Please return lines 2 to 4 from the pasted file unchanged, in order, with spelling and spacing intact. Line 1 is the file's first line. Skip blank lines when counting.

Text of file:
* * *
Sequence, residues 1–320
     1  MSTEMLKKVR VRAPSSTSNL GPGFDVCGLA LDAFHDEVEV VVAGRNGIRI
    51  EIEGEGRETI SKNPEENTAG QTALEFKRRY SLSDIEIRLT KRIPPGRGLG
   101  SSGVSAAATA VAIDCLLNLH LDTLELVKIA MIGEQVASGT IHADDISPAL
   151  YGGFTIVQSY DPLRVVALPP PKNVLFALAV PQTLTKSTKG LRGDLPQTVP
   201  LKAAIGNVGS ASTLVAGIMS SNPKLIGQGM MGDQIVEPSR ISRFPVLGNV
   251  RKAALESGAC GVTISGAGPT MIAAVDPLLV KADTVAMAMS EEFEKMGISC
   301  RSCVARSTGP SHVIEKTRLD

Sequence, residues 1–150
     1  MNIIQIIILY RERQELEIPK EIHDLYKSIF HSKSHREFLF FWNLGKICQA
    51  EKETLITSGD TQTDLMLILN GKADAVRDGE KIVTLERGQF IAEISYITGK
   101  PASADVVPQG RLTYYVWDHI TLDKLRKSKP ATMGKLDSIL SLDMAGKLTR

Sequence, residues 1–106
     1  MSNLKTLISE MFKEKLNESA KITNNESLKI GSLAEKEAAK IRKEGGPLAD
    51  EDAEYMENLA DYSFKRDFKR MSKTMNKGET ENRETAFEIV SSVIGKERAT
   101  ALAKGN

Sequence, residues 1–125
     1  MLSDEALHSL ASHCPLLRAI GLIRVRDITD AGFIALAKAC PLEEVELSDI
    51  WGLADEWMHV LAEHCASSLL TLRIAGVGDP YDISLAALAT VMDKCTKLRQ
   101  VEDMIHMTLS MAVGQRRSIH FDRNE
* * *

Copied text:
     1  MSTEMLKKVR VRAPSSTSNL GPGFDVCGLA LDAFHDEVEV VVAGRNGIRI
    51  EIEGEGRETI SKNPEENTAG QTALEFKRRY SLSDIEIRLT KRIPPGRGLG
   101  SSGVSAAATA VAIDCLLNLH LDTLELVKIA MIGEQVASGT IHADDISPAL